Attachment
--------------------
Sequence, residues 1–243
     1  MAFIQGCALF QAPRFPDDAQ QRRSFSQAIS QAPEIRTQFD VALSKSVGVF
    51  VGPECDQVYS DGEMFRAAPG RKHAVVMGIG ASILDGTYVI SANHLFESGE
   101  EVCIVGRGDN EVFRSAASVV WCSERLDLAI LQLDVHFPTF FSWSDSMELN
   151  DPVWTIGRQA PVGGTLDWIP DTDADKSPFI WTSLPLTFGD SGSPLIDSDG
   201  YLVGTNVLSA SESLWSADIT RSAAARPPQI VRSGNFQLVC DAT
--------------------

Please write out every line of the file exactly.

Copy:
Sequence, residues 1–243
     1  MAFIQGCALF QAPRFPDDAQ QRRSFSQAIS QAPEIRTQFD VALSKSVGVF
    51  VGPECDQVYS DGEMFRAAPG RKHAVVMGIG ASILDGTYVI SANHLFESGE
   101  EVCIVGRGDN EVFRSAASVV WCSERLDLAI LQLDVHFPTF FSWSDSMELN
   151  DPVWTIGRQA PVGGTLDWIP DTDADKSPFI WTSLPLTFGD SGSPLIDSDG
   201  YLVGTNVLSA SESLWSADIT RSAAARPPQI VRSGNFQLVC DAT